Dysphagia (Difficulty Swallowing)

Overview

What is Dysphagia?

Dysphagia is simply defined as a swallowing disorder. It can occur in any of the three phases of swallowing:

  1. Oral
  2. Pharyngeal
  3. Esophageal

Dysphagia is often noted in stroke survivors and can affect the oral and/or pharyngeal phase of swallowing. The patient may cough or choke while attempting to swallow saliva, liquids, or food. A speech-language pathologist often assesses a patient’s ability to swallow in order to determine the risk of aspiration, (food or liquid going into the lungs) which potentially may lead to a lung infection or pneumonia.

Stroke survivors are at risk for silent aspiration. Silent aspiration is when food and liquid enter into the lungs without any coughing or choking. In these patients, there are no outward signs or symptoms of a swallowing problem.

What does it mean to have difficulty swallowing?

When we swallow, many muscles and nerves work together to get food or drink from our mouths into our stomachs. Trouble with swallowing can originate anywhere in the mouth, throat or esophagus. The esophagus is a muscular tube in your throat that carries food and water to your stomach.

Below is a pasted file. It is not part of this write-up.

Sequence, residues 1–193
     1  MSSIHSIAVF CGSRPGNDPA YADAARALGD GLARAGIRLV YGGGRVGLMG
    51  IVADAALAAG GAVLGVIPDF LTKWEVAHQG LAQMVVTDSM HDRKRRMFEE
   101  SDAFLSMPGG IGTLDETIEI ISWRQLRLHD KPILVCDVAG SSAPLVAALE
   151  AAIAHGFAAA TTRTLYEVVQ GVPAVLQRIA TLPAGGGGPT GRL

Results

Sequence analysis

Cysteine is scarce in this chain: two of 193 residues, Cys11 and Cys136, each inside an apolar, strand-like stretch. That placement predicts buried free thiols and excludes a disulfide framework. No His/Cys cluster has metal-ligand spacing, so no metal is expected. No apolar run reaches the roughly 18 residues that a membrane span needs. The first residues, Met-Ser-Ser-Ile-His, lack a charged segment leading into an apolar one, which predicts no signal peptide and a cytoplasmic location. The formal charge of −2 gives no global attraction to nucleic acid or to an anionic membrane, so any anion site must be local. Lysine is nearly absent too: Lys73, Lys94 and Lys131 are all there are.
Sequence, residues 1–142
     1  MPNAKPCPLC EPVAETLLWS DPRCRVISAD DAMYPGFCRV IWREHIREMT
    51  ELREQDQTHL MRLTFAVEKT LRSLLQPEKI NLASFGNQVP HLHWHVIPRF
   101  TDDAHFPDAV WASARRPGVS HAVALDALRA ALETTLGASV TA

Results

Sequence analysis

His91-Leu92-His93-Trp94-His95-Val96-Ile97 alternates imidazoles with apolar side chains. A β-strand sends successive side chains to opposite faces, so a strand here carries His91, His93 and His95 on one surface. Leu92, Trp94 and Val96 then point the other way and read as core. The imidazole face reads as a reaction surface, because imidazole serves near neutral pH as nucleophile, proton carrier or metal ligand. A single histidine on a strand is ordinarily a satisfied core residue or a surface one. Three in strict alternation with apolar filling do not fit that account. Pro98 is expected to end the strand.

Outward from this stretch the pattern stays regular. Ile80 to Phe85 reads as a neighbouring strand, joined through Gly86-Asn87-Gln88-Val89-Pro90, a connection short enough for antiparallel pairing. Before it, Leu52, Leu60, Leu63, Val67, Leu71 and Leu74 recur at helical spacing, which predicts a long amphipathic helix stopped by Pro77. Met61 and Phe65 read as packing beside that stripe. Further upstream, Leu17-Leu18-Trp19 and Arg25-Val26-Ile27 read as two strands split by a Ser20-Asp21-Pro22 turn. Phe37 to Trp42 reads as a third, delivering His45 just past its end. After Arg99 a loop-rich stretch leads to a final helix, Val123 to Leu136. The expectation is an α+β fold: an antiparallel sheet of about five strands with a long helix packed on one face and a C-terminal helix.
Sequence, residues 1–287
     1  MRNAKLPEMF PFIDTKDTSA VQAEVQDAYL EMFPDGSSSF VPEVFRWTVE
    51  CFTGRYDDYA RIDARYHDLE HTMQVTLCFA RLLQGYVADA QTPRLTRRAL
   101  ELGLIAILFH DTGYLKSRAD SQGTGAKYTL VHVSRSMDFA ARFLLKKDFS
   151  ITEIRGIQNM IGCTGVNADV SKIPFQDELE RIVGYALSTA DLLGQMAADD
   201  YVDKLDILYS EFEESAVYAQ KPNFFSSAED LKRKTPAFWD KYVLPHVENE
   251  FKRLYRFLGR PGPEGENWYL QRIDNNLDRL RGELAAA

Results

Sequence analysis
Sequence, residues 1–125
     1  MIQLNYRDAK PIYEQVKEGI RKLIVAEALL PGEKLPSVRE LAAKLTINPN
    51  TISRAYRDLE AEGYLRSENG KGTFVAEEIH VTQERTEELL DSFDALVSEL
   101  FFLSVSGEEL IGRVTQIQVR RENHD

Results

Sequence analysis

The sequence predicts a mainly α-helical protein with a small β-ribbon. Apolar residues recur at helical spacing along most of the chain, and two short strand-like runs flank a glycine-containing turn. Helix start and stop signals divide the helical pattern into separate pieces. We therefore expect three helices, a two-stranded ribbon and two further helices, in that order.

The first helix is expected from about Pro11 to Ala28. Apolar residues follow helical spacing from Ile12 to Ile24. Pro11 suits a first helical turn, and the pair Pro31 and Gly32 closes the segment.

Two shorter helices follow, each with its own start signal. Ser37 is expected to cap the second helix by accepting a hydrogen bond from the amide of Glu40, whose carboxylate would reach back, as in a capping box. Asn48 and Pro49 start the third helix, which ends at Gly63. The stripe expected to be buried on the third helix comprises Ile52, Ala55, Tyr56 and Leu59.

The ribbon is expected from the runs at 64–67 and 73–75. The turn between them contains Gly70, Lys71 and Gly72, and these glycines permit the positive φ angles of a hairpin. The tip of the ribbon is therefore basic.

Swallowing problems can be mild or severe. The treatment varies depending on what’s causing the problem. Sometimes, doctors can prescribe medication to help you swallow. If you’re unable to swallow anything at all, you may need a feeding tube to get the nourishment you need.

Possible Causes

What can cause difficulty swallowing?

Many disorders, diseases and conditions can cause trouble swallowing. Doctors separate swallowing problems into three types:

  • Oral cavity dysphagia: The problem is in the mouth. Typical causes include tongue weakness after stroke, difficulty chewing food or neuromuscular problems.
  • Oropharyngeal dysphagia: The problem is in the throat. This can be a result of a neurological or muscular problem.